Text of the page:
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Natural Cleaning Without The Toxins

By Nicola Saltman, Snr Environment Officer, Waverley Council on April 25, 2014 in Other


Shout out if you love cleaning! I hear you (or rather, I don’t hear you). Getting rid of dirt and grime isn’t on the top of my list of favourite pastimes. Just ask my six year-old, who has earnestly designed a supremo cleaning robot invention to help me out. If only it would materialise…

Ironically, and unbeknownst to most of us, this necessity to clean can actually ‘dirty’ our environment with toxins hidden in your everyday household cleaning products. These include fragrance chemicals, petrochemicals, nitrates and phosphates, plus a raft of others with tongue-twisting nasties.

Chemicals such as ammonia, quats and 2-Butoxyethanol can also play havoc with our health. Problems such as skin and eye irritations, respiratory issues and other more acute physical ailments can start from direct contact or the residues they leave behind on surfaces and in the air.

So when you do roll up your sleeves every once in a while, there are a few simple ways to scrub chemical-free with sparkling results – and you need only look in your pantry cupboard.

Using Pantry Basics

You can make quality cleaners from a few simple ingredients that cost next to nothing compared to the bottled stuff:

Bicarb soda – More than a just a good baking product, this white powder is a great deodoriser and stain remover.

White vinegar – A super glass cleaner (just add to hot water and use newspaper), mild disinfectant and anti-mould agent. Mildly acidic, it neutralises grease and soap residue.

Salt – Great for scouring, preventing colour-run in the wash, and as an antiseptic and disinfectant.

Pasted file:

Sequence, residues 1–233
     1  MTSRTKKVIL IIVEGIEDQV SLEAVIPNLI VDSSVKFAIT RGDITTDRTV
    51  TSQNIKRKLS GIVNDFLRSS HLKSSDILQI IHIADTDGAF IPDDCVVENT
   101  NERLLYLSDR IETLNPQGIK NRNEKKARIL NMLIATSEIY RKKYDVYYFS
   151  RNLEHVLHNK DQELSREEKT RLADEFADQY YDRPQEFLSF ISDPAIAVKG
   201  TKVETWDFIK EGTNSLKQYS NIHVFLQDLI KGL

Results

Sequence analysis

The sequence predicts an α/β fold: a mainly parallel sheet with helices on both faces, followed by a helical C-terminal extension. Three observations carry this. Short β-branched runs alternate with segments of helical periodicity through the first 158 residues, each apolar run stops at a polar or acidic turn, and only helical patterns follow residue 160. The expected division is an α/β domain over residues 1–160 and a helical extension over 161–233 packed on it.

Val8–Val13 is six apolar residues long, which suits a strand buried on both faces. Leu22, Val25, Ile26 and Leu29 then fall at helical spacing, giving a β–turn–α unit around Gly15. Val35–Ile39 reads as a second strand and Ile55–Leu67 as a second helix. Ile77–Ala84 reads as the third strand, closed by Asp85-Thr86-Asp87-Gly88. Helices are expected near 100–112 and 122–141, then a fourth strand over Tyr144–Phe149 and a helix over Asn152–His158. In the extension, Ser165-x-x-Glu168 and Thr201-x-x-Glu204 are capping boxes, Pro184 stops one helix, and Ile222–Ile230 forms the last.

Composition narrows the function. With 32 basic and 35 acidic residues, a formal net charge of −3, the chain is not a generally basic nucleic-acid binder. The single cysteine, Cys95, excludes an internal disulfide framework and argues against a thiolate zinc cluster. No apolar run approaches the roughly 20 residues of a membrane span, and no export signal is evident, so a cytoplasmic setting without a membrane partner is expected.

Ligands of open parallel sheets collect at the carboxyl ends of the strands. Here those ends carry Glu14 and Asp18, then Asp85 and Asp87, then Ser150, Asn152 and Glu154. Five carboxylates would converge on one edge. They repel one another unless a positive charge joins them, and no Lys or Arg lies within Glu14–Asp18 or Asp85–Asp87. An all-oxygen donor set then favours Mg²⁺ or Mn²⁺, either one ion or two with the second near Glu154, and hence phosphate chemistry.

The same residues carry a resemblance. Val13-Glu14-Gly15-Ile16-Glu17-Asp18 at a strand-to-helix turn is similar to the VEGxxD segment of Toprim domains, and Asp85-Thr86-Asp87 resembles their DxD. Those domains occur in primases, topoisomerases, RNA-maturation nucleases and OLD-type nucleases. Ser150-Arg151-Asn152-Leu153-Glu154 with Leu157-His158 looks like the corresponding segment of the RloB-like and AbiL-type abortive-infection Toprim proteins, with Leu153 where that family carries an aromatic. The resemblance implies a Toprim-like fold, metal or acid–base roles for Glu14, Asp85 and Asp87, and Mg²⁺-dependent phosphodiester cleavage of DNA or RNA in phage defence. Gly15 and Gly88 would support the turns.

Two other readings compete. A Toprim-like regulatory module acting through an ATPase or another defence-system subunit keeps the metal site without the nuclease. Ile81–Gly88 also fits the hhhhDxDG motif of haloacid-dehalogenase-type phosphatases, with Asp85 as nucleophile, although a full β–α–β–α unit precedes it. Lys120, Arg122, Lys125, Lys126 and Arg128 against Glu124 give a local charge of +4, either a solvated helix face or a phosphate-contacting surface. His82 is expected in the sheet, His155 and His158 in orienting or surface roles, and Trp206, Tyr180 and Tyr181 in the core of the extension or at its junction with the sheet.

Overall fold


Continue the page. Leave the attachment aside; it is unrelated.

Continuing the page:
Lemons – Use as a mild bleach (just add water), deodorant and cleaning agent.

Borax – Can be used as a mild bleaching agent, pest controller and stain remover, plus fabric and water softener. It’s poisonous though if swallowed, so keep out of reach of children.

Essential oils – Lavender, tea tree, eucalyptus and lemongrass oils have antibacterial, antiviral and antifungal properties. Plus they give smelly rooms a zingy fragrance. They are safest used in small quantities, and if you’re pregnant, please check the labels before using them.

Laundry Soap – Made from vegetable oils and animal fats (rather than petroleum-based detergents), laundry soap is great for the kitchen, bathroom, and laundry (of course). Throw a bar in a bucket with water overnight to make a liquid soap; just add more water as you need it and it will last for months.

Off-The-Shelf Products

If you’re short on time and don’t have the inclination to concoct them yourself, there are a stack of affordable ‘eco-friendly’ household cleaning product brands available to buy at supermarkets, health food stores and online – everything from surface and floor cleaners to toilet and all-purpose sprays. Look at their labels or Google their names to check for their ingredients and sustainability credentials (even the packaging they use!).

If throwing out your old household cleaning products, please make sure you do it properly. Throwing them in the garbage bin can harm the environment, so find out the date of the next Chemical Cleanout day near you. For more information, check out the EPA website:

You can find out how to make all your own natural cleaning products with Council’s free Natural Cleaning workshop on Saturday 3 May (10-12.30pm). Book your spot by calling 9369 8045.

*Information courtesy of Teresa Rutherford, Waverley Council’s natural cleaning expert.